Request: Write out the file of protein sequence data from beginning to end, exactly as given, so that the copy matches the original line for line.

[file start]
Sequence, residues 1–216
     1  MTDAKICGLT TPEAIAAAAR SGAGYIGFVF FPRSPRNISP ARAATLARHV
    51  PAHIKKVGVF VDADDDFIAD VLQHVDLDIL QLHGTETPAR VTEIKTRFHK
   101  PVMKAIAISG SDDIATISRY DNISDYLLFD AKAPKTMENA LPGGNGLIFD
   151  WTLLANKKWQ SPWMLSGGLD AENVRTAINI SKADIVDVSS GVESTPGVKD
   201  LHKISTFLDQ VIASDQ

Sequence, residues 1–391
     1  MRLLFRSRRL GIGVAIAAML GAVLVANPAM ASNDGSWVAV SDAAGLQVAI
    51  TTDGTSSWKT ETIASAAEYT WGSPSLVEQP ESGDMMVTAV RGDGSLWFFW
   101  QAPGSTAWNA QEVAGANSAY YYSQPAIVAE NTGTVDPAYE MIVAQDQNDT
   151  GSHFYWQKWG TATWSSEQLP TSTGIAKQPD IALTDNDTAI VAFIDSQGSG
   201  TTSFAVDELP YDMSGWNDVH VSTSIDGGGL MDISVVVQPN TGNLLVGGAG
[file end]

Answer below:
Sequence, residues 1–216
     1  MTDAKICGLT TPEAIAAAAR SGAGYIGFVF FPRSPRNISP ARAATLARHV
    51  PAHIKKVGVF VDADDDFIAD VLQHVDLDIL QLHGTETPAR VTEIKTRFHK
   101  PVMKAIAISG SDDIATISRY DNISDYLLFD AKAPKTMENA LPGGNGLIFD
   151  WTLLANKKWQ SPWMLSGGLD AENVRTAINI SKADIVDVSS GVESTPGVKD
   201  LHKISTFLDQ VIASDQ

Sequence, residues 1–391
     1  MRLLFRSRRL GIGVAIAAML GAVLVANPAM ASNDGSWVAV SDAAGLQVAI
    51  TTDGTSSWKT ETIASAAEYT WGSPSLVEQP ESGDMMVTAV RGDGSLWFFW
   101  QAPGSTAWNA QEVAGANSAY YYSQPAIVAE NTGTVDPAYE MIVAQDQNDT
   151  GSHFYWQKWG TATWSSEQLP TSTGIAKQPD IALTDNDTAI VAFIDSQGSG
   201  TTSFAVDELP YDMSGWNDVH VSTSIDGGGL MDISVVVQPN TGNLLVGGAG